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Review: The Harbinger (2022)
A pandemic film that reminds us of the fear we'd rather soon forget.
We are now at the point where we are getting pandemic movies (not movies shot and filmed during the pandemic, we’ve had those since before you understood the 19 in COVID-19), but pandemic movies - those that take place during the height of lockdown and use it as a narrative device.
And that was, as you most definitely know as well as I, an extremely scary time. Fear for health. Misinformation. A complete disposal of everything you thought you knew about daily life.
It was only a matter of time before horror filmmakers capitalized on those fears, ignored the “Too soon?” question, and served up a single-shot dose of the real-life things that scare us more than any horror film could.
Writer/director/editor Andy Mitton’s (The Witch in the Window, YellowBrickRoad) latest feature, The Harbinger (not to be confused with the film of the same title from earlier this year), hits select theaters and video on demand today with all that and more in a film that brings your nightmares into reality - pun intended.
Monique (Gabby Beans) is strictly and safely quarantining with her brother and father when her phone rings - a call from a distant friend, Mavis (Ellen Davis), who can no longer sleep. Her nightmares are seeping into her everyday life. Alone in her NYC apartment, she’s seeing things, having hysteric episodes, and even committing acts of self-harm in her sleepwalking state. With no one else to turn to, she requests Mo’s help, calling in a debt-of-gratitude favor. Despite their misgivings, Monique leaves her family’s bubble and ventures out to help her old friend.
When she arrives, she sees that it’s as bad as it sounds. She begins to see the visions too, her insomnia blurring the lines of reality. Their consultation (over Zoom) with a demonologist suggests that they aren’t crazy. Instead, they’re being preyed upon by the titular Harbinger, who will continue to feast on their insanity until they’re “hollowed out.” The demonologist is too freaked herself to continue explaining, rushes off the call (maybe her complimentary 40 minutes were coming to a close?), and leaves the women with a hell of a lot more questions than answers.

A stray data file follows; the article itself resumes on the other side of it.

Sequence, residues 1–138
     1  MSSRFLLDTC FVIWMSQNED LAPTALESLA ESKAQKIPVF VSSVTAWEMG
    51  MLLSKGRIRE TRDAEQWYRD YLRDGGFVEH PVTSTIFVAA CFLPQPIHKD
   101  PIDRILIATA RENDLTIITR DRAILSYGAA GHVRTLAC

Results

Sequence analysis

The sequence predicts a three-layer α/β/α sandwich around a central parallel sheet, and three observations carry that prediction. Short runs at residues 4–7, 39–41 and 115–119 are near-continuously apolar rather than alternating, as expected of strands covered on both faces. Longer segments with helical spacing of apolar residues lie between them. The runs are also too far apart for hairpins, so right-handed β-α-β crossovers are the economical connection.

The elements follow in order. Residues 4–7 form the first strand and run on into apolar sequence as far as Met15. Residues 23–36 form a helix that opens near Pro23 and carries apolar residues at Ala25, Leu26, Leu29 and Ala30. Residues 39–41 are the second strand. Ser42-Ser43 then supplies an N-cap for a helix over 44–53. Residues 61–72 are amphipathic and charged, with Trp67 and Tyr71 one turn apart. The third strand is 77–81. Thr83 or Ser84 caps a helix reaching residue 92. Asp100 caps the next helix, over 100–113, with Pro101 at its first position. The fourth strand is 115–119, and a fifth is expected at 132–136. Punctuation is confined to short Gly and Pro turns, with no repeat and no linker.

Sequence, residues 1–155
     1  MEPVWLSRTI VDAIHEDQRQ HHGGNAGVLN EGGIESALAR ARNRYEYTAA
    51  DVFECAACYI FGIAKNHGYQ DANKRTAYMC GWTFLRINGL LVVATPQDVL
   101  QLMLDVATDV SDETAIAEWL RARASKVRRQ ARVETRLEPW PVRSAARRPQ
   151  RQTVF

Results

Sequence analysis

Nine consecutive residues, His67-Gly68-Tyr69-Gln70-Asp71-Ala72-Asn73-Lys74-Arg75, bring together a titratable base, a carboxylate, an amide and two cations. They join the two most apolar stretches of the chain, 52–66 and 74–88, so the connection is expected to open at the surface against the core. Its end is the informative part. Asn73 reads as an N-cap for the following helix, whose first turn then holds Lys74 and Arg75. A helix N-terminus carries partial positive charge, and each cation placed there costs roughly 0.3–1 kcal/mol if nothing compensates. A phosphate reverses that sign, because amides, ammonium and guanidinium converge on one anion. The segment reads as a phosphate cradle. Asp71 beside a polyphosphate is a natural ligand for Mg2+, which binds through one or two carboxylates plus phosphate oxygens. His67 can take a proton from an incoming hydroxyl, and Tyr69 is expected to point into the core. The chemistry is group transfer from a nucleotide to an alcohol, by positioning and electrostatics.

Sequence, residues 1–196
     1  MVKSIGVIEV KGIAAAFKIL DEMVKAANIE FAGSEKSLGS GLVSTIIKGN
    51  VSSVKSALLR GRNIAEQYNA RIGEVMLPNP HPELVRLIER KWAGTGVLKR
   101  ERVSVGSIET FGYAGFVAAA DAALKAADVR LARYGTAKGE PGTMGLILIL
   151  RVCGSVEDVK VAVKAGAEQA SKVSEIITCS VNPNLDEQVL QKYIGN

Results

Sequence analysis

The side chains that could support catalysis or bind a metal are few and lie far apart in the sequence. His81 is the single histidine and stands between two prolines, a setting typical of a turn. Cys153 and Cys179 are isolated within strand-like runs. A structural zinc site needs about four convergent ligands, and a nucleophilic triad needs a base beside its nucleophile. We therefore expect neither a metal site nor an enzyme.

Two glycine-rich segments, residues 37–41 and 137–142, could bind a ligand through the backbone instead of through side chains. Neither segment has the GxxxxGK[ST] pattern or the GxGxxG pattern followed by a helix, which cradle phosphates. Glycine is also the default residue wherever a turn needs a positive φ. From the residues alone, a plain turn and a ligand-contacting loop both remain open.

Those questions (What is this thing? What does it want? Why us? Why now?) will be answered throughout the film with visualized hallucinations to keep you lured in. The spookiest of those visuals is, of course, The Harbinger, who resembles a 16th or 17th-century plague doctor, those recalled enough times in 2020’s March 20-somethings to give you your own nightmares. Those indicators of death are synonymous with the death and turmoil of plagues and evoking that image is a shortcut to the heebee jeebee feelings that we would rather soon forget.
The Harbinger, the film not the creature, uses plenty of those shortcuts to be effective. Dreams bleeding into reality is the basic premise of one of the most successful slasher franchises. Pale little boys whispering cryptic fortunes in your ear are an oft-used horror storytelling beat. An endless snowscape is the most punishing of settings. However, it’s how these familiar beats are used that make The Harbinger effective.
Horror films are rarely scary - that is, deeper than spine-chilling or hair-raising, but deeply psychologically unsettling. The film is just that, using those tropes to distract from the real-life terrors at hand. The film can never rest as it’s either the most insane of dream sequences or the more truthful real-life matters. Sticking the landing between those two can be a tricky feat for the film’s ending to pull off. Some will find it indecisive while others will see the film’s deeper messages as the core of the story’s truth, but all must watch to decide for themselves.
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